The other day, I went to practice a song of mine that I had not played in a while, and I had to stop for a minute to remember how to form one of the chords in the chorus. In my own defense, it happens to be a chord that I have never used in any context outside of this particular song. For all intents and purposes, I invented the damn thing. Still, this was enough to make me think that maybe it was time to write some of this stuff out, if only so that this doesn't happen again.
To that end, yesterday, I went through and added a bunch of handwritten notes to my songbook, which comprises about seventeen thousand words in sixty-four songs (not counting the one instrumental track). Remembering how to play all of them without forgetting any of the words or music can be a bit of a challenge, but I also think that it's a good exercise in terms of keeping my brain ninja sharp.
I wrote, recorded and produced Embers and Petrichor (both 2021) during the pandemic and have never played any of these songs before a live audience. I do practice them, of course, but often, when I am rehearsing, there are only about twenty or so songs that regularly find their way onto my setlists. Basically, I have certain songs that I tend to go back to every other day, whereas the remaining 2/3 of my catalog gets left out by virtue of the fact that I cannot practice for six hours every day. My fingertips and vocal cords would likely not allow it, plus I have other things to do.
Today, I would like to share with you some of those songs that I tend to forget about. I don't mean to imply that they are bad or anything, just that they rarely find their way onto my setlists, whether I am rehearsing or performing. These are actually some of my favorite songs that I have written, even if I don't play them nearly as much as some of the others. They were also the songs that tripped me up a little when I was going through my full catalog of music yesterday, precisely because I don't practice them as often. Many required that I scribble some additional notes in my songbook.
By notes, I mean descriptions and diagrams of how to play the chords and riffs. I am self-taught. As such, my ability to read and write musical notation is pretty horrible, and my limited knowledge of music theory often functions more as an afterthought. It takes me a minute to figure out what key a song that I wrote is in, because when I wrote it, I wasn't thinking about that. In fact, I wasn't really thinking at all. I was just playing music.
Three of today's songs happen to be the closing tracks on their respective albums.
First, we have Life/Time, from my 2017 album Good Night Fahrenheit. It's about how sometimes things only make sense years later in retrospect. This is the one with the strange chord that I have only ever played in this song, which I had written down as "Weird D." I have since drawn a picture of the fingering for my own reference.
It takes a lifetime to get it right
And only sometimes do we find out why
It takes a lifetime, takes a lifetime...
The next song that I would like to share with you today comes from my 2021 album Embers. This one really isn't all that complicated, although it does have some unusual chords whose names I do not know. It's called Mixtape, and it's about expressing yourself through someone else's art. The bassline comes to you by way of a Telecaster that I ran through an octave pedal, as I found that I can play it much faster that way.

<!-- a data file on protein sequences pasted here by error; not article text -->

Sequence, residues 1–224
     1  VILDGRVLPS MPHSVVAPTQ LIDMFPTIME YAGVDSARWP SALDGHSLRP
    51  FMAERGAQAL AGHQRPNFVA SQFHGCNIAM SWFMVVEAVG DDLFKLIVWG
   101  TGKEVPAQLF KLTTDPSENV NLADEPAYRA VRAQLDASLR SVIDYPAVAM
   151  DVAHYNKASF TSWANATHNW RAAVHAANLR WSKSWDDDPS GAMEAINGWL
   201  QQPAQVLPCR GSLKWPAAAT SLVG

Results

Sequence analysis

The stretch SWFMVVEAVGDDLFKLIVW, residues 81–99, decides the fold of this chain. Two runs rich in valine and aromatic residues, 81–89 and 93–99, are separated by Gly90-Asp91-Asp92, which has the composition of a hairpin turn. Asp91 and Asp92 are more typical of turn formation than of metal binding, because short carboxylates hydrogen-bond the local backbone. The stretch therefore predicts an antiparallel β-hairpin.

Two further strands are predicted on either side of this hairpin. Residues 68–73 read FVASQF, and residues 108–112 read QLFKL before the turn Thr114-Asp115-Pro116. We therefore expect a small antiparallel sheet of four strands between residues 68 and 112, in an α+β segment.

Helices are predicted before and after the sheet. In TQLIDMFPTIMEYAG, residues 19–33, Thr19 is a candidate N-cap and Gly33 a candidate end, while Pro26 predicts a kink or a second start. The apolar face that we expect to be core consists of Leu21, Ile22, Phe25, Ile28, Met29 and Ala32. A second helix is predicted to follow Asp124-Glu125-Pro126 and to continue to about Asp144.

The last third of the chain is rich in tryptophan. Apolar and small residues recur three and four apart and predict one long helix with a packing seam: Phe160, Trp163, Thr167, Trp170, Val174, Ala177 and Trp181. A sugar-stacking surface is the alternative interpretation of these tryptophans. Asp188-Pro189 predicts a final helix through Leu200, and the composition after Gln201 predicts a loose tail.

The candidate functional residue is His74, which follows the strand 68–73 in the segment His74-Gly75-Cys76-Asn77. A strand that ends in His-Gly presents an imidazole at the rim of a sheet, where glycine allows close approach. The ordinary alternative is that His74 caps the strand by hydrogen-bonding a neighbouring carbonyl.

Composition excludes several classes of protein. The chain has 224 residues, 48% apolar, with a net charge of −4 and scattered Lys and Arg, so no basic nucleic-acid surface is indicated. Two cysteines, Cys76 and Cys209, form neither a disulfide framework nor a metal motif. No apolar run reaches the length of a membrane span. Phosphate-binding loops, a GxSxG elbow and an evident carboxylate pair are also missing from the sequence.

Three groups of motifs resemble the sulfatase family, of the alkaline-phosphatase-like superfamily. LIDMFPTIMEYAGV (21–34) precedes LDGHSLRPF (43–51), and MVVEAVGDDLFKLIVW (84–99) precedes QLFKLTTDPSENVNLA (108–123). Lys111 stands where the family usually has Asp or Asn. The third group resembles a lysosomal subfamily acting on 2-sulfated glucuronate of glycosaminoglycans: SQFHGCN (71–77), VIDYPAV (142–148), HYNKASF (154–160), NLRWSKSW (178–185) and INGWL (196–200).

I made a mixtape on my radio
It can be your soundtrack wherever you go
I hope these songs will remind you of me
The good times we've had and those yet to be
Please take this mixtape when you go...
The third song for today is called Go It Alone, from my 2019 album Better Days. This song is about companionship, and how sharing our experiences can make life's journey far more enjoyable. For whatever reason, I think that I have only played this song in front of an audience once ever. It also contains a chord that is unique to this song, at least as far as my repertoire is concerned. I have no idea what this one is called either, but I drew myself a decent diagram.
I will take you home, take you home
So you don't have to go it alone
I will take you where you want to go
So we don't have to go it alone...
Finally, I would like to share with you the closing track from Petrichor (2021), called Wasted. This song is about addiction, and the lives that it leaves in ruin. It's one of those songs that is very difficult to recreate as a solo artist on acoustic guitar, as the composition is built upon several different riffs working together (which may be the influence of The Cure shining through). In other words, to play this one live, I almost need a band of supporting musicians to help with the instrumentation. I may indeed pursue such a thing at some point, but at the moment, pretty much the only way to hear any of these songs is by listening to the self-produced studio version. This might be my favorite ending to a song/album that I have produced.
It's not what you anticipated
I know it's always complicated
But everyone would be so devastated
Another day, another night, another life is wasted...
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